Film Review – The 9th Life of Louis Drax
The 9th Life of Louis Drax
One of the best things about film writing is discovery. Every once in awhile, I watch a film with little or no information beforehand and find something amazing/delightful/heartbreaking/wonderful up on the screen. The worst thing about writing about film is when you go to a screening and what you see is horrible, but you can’t leave because it’s understood you will watch the whole thing. And then you are obligated to write about it because that is what you have agreed to with your editor and the people who have invited you to see the film. There is no pretending it didn’t happen, even though that’s what you so desperately want. Alexandre Aja’s new film The 9th Life of Louis Drax, is so bad that I am having to bribe myself to write this review. If I get the first draft done today, I will get a bag of chocolate covered almonds and some other stuff you don’t need to know about. In short: this movie is not good. Listen, making any kind of art is hard. I have an art degree; I get it. And honestly, it feels like a miracle that a non-series movie can even get made nowadays. But sometimes things just don’t work out as well as planned, and I have to sit in a dark theater for 108 minutes wishing I could figure out how to build a time machine, build that time machine, and then go back in time and miss my bus downtown for the screening.
The 9th Life of Louis Drax, is about 9 year-old Louis Drax (Aiden Longworth) who has led a very accident-prone life, starting with an emergency c-section at birth. He’s stopped breathing, suffered broken bones, had multiple episodes of food poisoning, and a light fixture fell on his crib when he was a baby. On his 9th birthday he is pushed off a steep cliff into the ocean and is determined to be dead, only to start breathing again in the morgue. He is taken to a pediatric coma care unit headed up by Dr. Allan Pascal (Jamie Dornan), who tries to ferret out the real story regarding the fall. Louis’ mother Natalie (Sarah Gadon) maintains it was his father (Aaron Paul) who pushed him, and since he has gone missing, there is no reason to believe otherwise. As Dr. Pascal grows closer to Natalie, strange things start to happen and he begins to believe that Louis is trying to psychically contact him from his coma. But what exactly is Louis trying to tell him?
Why do I think this movie is bad? Sooooooo many reasons.
1) There are three different stories going on here, and none of them mesh well tonally. The first is a nasty little mystery that would have made a pretty decent 1940s film noir. The second is what happens in Louis mind while he’s in a coma, which is done in the style of a children’s movie complete with whimsical music and effects. The third consists of flashbacks to the Drax’s family life before the fall, mostly focusing on parental arguments and Louis’ trips to his therapist Dr. Perez (Oliver Platt). It was completely jarring to have to keep moving between Louis’ precocious narration and the darkness of the mystery. Occasionally, the child’s-movie-style music would leak into the noir film, and it would completely conflict with seriousness of what was going on.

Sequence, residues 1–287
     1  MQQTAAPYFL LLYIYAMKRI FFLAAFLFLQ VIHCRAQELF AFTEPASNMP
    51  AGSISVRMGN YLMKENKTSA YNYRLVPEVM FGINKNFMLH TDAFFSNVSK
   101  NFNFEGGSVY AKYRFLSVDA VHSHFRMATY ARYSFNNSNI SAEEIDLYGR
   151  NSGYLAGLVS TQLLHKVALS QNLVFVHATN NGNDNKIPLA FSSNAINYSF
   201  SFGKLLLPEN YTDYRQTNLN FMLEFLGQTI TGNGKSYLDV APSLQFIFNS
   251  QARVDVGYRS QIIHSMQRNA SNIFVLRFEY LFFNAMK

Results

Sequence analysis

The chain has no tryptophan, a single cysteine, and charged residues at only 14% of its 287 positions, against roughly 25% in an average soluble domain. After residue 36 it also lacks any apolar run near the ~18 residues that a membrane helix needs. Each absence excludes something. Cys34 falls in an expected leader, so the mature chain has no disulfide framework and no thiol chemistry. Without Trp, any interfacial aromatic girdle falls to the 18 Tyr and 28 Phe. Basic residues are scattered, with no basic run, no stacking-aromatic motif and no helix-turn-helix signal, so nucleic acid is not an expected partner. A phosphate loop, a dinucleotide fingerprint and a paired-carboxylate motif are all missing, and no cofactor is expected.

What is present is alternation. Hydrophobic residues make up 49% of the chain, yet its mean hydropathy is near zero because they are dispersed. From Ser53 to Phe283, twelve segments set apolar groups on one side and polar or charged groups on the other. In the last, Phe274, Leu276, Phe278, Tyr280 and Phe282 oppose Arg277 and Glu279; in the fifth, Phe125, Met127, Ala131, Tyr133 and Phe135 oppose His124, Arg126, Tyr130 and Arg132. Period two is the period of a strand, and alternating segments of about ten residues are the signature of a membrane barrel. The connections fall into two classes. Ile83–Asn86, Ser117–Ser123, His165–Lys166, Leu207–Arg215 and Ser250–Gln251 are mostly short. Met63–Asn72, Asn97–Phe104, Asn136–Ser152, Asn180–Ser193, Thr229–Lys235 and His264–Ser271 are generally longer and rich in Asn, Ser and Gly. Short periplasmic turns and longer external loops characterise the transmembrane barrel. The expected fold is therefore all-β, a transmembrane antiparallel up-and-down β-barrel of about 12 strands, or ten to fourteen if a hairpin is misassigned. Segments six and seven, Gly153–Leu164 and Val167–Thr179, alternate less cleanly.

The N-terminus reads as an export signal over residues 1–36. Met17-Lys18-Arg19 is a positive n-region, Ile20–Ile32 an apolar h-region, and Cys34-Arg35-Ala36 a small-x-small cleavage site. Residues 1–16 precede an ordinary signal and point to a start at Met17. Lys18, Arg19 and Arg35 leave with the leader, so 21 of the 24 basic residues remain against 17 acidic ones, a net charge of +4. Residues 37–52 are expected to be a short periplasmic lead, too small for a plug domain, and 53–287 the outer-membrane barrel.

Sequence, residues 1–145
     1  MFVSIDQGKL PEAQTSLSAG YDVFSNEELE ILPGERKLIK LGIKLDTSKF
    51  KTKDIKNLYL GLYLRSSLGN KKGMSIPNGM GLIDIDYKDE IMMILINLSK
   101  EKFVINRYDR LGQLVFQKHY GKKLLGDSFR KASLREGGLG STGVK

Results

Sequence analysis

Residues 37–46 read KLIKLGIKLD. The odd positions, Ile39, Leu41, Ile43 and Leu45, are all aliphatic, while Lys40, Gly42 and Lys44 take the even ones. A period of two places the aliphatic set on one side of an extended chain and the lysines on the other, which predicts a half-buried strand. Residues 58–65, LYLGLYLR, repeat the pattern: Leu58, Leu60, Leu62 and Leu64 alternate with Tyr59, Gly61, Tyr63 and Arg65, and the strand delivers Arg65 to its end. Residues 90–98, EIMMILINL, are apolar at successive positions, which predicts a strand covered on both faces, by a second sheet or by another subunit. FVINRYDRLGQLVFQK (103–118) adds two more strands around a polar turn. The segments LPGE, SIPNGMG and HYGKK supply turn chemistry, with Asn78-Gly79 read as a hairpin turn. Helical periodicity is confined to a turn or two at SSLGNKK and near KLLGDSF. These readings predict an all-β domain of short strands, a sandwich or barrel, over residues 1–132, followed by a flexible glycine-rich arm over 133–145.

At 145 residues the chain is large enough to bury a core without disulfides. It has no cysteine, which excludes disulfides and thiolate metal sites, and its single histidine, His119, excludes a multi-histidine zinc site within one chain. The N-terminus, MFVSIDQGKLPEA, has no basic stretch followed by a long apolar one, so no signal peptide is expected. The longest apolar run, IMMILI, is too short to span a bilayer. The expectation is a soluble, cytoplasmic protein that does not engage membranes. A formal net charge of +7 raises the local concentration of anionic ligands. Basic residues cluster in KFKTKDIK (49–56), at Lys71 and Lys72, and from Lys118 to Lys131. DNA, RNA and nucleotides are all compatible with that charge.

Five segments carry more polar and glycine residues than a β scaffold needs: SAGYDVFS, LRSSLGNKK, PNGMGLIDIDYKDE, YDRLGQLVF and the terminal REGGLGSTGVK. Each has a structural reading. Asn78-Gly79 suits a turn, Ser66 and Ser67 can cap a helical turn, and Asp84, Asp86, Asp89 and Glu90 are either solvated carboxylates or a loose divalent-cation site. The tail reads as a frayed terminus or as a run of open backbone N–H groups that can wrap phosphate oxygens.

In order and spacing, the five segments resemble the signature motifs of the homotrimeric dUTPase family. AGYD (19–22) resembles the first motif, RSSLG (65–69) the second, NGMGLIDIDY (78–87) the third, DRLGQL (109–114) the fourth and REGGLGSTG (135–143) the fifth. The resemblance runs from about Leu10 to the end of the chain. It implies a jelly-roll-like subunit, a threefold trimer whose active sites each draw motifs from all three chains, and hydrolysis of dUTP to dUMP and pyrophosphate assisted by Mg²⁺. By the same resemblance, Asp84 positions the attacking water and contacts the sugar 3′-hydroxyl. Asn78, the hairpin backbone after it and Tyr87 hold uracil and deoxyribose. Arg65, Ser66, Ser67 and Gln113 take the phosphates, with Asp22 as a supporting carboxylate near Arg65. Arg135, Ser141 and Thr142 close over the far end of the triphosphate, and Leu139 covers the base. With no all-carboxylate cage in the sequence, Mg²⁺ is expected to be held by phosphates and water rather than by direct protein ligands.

2) Louis is phenomenally annoying. Aiden Longworth seems very talented, but he’s not given much here to work with. Everybody keeps referring to Louis as smart and engaging. But he’s awful. I was a really weird kid, and believe me I have sympathy for the outcasts and freaks of the world, but Louis is rude, oblivious to the feelings of others, and led to believe he is smarter than everyone around him. He’s in a coma, AND HE STILL WILL NOT SHUT THE HELL UP.
3) There is a scene where his mother is bringing a pet to visit him in the coma ward, and the camera spends a not inconsiderable time focused on her swaying butt in a clingy knit dress. This is fairly typical for how the camera frames Natalie as an ethereally beautiful object. She is a thing to be looked at, not known, and we never do.
4) I adore Oliver Platt, and it pains me to watch him speak such horrible dialogue. And believe me, there is a lot of it in this film.
5) The gender politics of this film are crappy. I can’t really talk about it or I will spoil stuff, and while I hate this film, other people won’t and I don’t want to ruin it for them. Also, the film is super White.
6) The psychic stuff in this film is really dumb, and the mystery could have been solved without it.
7) Honestly, I just found this film to be disjointed, unpleasant, and painfully silly. If I thought this was just a lame-o cash grab film, my review would have been much more snarky than it is. Nothing worked for me, and I found it painful to watch.